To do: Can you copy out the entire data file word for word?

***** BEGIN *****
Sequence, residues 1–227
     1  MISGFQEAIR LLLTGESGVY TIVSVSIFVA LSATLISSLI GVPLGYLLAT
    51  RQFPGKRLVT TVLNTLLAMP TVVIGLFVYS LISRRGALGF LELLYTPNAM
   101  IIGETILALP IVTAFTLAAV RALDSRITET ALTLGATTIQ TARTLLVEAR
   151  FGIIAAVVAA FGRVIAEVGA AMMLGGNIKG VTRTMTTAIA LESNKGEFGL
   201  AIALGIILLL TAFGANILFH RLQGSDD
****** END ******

Sequence, residues 1–227
     1  MISGFQEAIR LLLTGESGVY TIVSVSIFVA LSATLISSLI GVPLGYLLAT
    51  RQFPGKRLVT TVLNTLLAMP TVVIGLFVYS LISRRGALGF LELLYTPNAM
   101  IIGETILALP IVTAFTLAAV RALDSRITET ALTLGATTIQ TARTLLVEAR
   151  FGIIAAVVAA FGRVIAEVGA AMMLGGNIKG VTRTMTTAIA LESNKGEFGL
   201  AIALGIILLL TAFGANILFH RLQGSDD